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View Full Version : Medicaid cuts could carry a political cost, too


Mr. Laz
02-18-2005, 11:49 AM
Posted on Fri, Feb. 18, 2005

Medicaid cuts could carry a political cost, too

By KEVIN MURPHY
The Kansas City Star

GERSTER, Mo. — Gary Ruckel, like most rural Missourians, backed Matt Blunt for governor last fall and voted other Republicans into legislative seats.

Ruckel agreed with Blunt on issues such as gun control and gay marriage, but he was not considering a subject that hit much closer to home: medical care.

So when Blunt proposed cuts in Medicaid last month that could cost Ruckel and his wife, Vivian Ruckel, some services, the couple had second thoughts about backing Republicans.

“It kind of jumps back and kicks you in the teeth, is what it does, because I wasn't planning on this,” said Ruckel, who lives about 50 miles north of Springfield. “If they cut back on Medicaid, it's going to crucify us, because we don't make that much.”

Ruckel's story is familiar in rural Missouri. More than half of Medicaid recipients in Missouri live outside the Kansas City and the St. Louis areas.

Those rural areas voted heavily for Blunt, who carried 100 of 107 counties outside the state's two largest metropolitan areas.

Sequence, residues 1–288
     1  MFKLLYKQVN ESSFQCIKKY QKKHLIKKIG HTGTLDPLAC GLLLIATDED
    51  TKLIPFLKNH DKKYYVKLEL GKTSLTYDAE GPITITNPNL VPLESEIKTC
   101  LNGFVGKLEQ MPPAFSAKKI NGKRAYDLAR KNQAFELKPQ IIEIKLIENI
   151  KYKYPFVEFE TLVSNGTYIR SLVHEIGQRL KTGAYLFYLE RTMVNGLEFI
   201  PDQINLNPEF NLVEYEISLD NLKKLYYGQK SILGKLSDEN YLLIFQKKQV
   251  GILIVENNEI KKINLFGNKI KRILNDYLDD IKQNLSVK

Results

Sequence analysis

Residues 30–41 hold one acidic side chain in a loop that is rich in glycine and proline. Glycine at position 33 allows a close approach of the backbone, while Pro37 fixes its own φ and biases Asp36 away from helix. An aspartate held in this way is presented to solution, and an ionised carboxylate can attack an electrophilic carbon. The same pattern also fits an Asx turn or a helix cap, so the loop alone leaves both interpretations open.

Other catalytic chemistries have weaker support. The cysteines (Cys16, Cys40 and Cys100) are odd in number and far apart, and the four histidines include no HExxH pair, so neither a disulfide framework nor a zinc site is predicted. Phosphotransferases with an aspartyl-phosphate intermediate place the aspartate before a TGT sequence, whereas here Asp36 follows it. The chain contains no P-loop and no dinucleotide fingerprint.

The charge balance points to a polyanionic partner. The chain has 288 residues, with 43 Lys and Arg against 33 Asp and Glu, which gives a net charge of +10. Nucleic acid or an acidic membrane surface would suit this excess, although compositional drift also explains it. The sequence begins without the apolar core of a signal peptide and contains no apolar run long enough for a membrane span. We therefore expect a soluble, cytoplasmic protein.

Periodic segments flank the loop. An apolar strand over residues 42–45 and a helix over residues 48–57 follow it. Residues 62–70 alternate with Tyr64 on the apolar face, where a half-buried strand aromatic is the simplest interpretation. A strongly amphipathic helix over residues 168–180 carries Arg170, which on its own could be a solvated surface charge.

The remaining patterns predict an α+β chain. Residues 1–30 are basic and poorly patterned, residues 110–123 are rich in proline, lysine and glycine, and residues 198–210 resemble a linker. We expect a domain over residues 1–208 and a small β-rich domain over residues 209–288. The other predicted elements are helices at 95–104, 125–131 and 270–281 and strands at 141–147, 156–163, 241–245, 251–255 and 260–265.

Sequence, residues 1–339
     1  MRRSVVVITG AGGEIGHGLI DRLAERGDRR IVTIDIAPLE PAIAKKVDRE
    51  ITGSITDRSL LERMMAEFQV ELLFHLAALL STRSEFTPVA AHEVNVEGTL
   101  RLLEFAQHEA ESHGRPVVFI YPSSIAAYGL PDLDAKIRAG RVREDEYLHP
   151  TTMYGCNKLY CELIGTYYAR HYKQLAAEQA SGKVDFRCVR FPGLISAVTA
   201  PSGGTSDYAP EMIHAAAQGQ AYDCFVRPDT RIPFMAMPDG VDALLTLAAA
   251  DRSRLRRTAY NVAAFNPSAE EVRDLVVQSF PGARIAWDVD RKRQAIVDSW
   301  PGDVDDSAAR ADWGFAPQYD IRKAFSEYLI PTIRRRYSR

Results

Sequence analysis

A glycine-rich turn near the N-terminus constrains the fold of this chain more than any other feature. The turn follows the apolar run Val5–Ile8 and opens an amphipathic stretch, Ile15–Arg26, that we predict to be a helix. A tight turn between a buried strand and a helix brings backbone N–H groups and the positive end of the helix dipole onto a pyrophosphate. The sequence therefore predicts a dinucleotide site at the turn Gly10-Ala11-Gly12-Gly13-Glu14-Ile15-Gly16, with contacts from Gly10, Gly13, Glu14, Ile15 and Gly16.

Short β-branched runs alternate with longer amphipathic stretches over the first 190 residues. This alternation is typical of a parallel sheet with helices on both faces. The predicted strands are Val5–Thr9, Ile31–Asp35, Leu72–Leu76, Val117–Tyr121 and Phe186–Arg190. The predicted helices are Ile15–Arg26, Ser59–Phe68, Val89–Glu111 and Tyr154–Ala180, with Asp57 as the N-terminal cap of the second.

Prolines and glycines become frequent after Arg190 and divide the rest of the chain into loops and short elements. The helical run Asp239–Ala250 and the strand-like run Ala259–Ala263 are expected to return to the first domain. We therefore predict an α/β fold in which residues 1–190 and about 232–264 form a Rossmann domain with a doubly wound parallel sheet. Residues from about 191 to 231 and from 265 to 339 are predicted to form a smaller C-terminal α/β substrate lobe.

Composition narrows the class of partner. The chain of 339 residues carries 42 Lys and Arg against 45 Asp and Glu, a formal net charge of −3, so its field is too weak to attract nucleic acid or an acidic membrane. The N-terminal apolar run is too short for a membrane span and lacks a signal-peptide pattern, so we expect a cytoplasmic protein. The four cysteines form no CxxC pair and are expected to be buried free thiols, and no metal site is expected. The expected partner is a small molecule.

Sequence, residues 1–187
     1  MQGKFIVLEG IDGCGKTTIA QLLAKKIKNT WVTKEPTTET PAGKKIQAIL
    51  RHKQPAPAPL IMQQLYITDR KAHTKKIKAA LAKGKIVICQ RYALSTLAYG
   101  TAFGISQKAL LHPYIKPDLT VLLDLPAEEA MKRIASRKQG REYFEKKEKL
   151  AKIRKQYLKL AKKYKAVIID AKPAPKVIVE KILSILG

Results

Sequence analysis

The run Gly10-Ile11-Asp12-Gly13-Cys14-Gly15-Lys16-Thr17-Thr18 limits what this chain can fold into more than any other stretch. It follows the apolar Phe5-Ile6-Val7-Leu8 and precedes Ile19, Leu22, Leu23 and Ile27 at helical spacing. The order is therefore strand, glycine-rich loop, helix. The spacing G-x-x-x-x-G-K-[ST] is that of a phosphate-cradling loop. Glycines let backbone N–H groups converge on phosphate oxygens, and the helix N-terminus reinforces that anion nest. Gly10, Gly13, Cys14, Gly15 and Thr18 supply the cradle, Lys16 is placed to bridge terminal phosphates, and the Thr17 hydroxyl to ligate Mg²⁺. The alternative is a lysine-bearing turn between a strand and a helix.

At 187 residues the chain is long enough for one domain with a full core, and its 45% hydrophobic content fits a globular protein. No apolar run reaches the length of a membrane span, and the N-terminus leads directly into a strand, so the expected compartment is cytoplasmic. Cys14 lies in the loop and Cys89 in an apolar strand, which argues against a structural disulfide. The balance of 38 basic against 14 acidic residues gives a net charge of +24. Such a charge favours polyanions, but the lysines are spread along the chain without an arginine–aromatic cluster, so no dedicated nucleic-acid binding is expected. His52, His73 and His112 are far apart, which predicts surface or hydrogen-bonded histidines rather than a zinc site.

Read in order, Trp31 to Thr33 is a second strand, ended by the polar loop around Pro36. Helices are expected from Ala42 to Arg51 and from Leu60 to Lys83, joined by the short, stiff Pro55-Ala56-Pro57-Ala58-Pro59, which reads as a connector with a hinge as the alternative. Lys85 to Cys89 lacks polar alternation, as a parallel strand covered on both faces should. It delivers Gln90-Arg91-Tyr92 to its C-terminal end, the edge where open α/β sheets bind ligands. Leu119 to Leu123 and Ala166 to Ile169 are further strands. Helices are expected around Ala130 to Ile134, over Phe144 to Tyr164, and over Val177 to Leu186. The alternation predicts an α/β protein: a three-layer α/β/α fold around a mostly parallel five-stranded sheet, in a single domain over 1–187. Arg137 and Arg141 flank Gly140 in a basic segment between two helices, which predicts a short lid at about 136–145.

Those counties, most relatively poor, also elected primarily Republicans to state House and Senate seats. In fact, 10 of the 12 House districts with the lowest median household incomes in Missouri are represented by Republicans.

Now, Blunt is asking those Republicans in the Missouri House and the Senate to back Medicaid cuts that would affect many of their constituents. Roughly 20 percent of those rural Missouri residents are getting Medicaid help.

Rural Republican lawmakers could feel on the spot.

“The governor will pull them one way, and the constituents will pull them another,” said David Webber, political science professor at the University of Missouri-Columbia. “Sooner or later that will become a matter of some tension in the state legislature.”

Reining in costs

Republicans said something must be done to contain state spending on medical care.

Blunt points to a study by the National Association of State Budget Officers showing 30.7 percent of state spending in Missouri in 2003 went for Medicaid and related services, the second-highest percentage in the nation.

“The question is, ‘What can we afford to do?' ” said Rep. Bob Behnen, a Kirksville Republican whose district is among the 12 poorest rural districts in the state. “Are we doing someone a favor by raising their eligibility as we have over the years and basically subjecting them to something they will be dependent on?”

The proposed cuts should not be a surprise, said Rep. Doug Ervin, a Holt Republican. “We've been out there saying we support a smaller government, and I've campaigned on the notion of limited government and less taxes,” Ervin said. “Saying that, we've also made it very clear we need to take care of people who really need the help the most.”

Ruckel and his wife, both 64, said they were among those in need. Ruckel, a former police officer and prison guard, has emphysema, arthritis, a spinal defect and other ailments. His wife is in worse shape, suffering heart and lung ailments, and kidney disease. She tires quickly and cannot do much outside the home. Ruckel is on nine medications; his wife is on 21.